Posted by: dubaibizniz | May 12, 2008

The Tax Man Cometh.. or was he already here?

Value Added TaxThere is a lot of talk about VAT lately. Dubai Customs has been all over the news and radio, discussing their technical readiness to implement the VAT. When looking at their own website, the latest news item on the subject dates back to December 25, 2007 with a clarification about inaccurate reports in the media. Recently, they confirmed that VAT planning is on track.

VAT is essentially a more sophisticated version of the sales tax that takes the overhead away from the government and passes it on to the organizations and individuals involved at every transaction. I am not quite sure how that would impact the free zones though. How does it impact services. How do you put a ‘value added’ on services rendered? It’s a lot more clear-cut with products. I buy X for $1 and I sell it for $1.20, so my profit margin is $0.20. You can verify this information through receipts and purchase orders. Services on the other hand are not tangible, so how d you verify what the profit margin is?

My understanding is that in the free zone, we are exempts from taxes. Does it mean that we are exempt as long as we are trading within the free zone? Do I have to pay it to suppliers or charge my clients outside of the free zones?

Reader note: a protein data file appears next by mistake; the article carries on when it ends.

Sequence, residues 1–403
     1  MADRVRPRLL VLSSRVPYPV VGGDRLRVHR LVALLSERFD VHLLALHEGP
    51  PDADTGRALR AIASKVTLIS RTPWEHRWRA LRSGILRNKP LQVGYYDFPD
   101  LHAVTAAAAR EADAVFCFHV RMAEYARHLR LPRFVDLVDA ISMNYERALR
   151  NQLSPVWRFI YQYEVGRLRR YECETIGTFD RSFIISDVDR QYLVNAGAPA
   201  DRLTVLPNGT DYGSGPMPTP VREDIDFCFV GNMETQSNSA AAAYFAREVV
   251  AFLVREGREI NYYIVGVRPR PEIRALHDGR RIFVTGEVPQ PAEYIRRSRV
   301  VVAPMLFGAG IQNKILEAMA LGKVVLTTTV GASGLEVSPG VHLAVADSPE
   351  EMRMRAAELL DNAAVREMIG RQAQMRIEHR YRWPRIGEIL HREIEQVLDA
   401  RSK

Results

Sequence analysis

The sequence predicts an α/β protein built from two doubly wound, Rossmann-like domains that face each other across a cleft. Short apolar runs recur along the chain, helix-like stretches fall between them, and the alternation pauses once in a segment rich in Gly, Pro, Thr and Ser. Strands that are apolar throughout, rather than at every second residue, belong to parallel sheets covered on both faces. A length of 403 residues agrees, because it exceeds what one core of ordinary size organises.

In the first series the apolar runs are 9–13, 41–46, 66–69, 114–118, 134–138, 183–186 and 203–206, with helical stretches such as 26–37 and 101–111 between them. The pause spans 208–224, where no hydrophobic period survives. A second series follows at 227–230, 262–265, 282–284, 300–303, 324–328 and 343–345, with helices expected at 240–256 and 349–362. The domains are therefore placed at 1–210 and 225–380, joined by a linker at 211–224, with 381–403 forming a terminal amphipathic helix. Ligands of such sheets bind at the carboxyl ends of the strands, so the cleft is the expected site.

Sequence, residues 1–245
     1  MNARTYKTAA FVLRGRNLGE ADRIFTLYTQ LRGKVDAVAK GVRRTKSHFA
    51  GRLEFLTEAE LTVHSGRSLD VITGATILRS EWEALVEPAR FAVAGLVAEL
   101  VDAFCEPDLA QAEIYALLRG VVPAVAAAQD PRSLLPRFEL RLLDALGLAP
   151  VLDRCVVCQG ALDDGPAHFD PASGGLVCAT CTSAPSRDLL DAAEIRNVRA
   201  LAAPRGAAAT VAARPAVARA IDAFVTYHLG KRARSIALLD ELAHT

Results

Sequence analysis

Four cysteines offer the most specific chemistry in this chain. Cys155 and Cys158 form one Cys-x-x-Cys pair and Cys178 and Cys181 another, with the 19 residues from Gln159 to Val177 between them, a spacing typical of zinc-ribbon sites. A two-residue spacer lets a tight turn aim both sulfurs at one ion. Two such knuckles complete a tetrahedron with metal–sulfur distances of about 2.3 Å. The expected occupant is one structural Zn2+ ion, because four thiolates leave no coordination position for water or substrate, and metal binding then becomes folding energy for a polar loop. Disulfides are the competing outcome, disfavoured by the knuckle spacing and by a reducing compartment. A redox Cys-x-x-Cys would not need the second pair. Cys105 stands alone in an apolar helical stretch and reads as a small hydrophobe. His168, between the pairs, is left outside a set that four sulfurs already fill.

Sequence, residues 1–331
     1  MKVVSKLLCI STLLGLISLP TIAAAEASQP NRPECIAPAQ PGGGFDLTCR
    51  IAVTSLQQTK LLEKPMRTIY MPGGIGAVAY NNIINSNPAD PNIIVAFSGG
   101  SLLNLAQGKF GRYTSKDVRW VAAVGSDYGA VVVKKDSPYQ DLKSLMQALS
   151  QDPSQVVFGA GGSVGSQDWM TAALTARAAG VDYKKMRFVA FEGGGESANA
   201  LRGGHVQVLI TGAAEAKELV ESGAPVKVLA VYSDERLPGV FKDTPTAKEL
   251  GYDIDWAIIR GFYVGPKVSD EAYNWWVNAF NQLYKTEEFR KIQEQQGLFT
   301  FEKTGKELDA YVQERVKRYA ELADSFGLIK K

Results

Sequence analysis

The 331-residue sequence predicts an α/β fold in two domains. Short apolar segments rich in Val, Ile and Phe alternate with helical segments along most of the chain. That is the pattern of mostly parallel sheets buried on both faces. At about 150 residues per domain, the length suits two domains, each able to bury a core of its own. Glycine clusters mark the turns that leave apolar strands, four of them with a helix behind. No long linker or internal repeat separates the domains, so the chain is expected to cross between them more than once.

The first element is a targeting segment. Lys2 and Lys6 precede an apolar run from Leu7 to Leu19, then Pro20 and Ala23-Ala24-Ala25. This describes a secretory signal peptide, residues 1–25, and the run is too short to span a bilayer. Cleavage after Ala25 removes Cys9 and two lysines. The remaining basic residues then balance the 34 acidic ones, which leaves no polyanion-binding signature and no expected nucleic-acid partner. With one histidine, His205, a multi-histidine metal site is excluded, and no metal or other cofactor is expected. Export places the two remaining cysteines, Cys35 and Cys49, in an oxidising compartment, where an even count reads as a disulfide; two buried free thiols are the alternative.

Someone needs to clarify these things before they come out giving us a deadline and telling us all to just get on with it.

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Responses

  1. “Services on the other hand are not tangible, so how d you verify what the profit margin is?”

    If am comprehending correctly, tangibility is sort of irrelevant. The fee you charge clients is based on all costs/overheads + margin.

    Am not sure how UAE is going to implement taxation – and confused why Free Zones shall be tax free?

  2. Rosh: they still have to make something attractive about establishing a business in the UAE, and tax-free Free Zones is one way.

    Mind you, companies in the Free Zones get stung for money in other ways. Fees to do anything are exhorbitant now and the rents are obscene.

    It costs us double-triple more to maintain our DIC company (admin fees, rents etc) than it does to run our German-based sister company. We keep it going because we hope that one day our circumstances will enable us to come back to the UAE to live there again. Plus we have an excellent Jordanian software developer, worth his weight in gold, who we employ in the UAE company to work on our worldwide software development projects.


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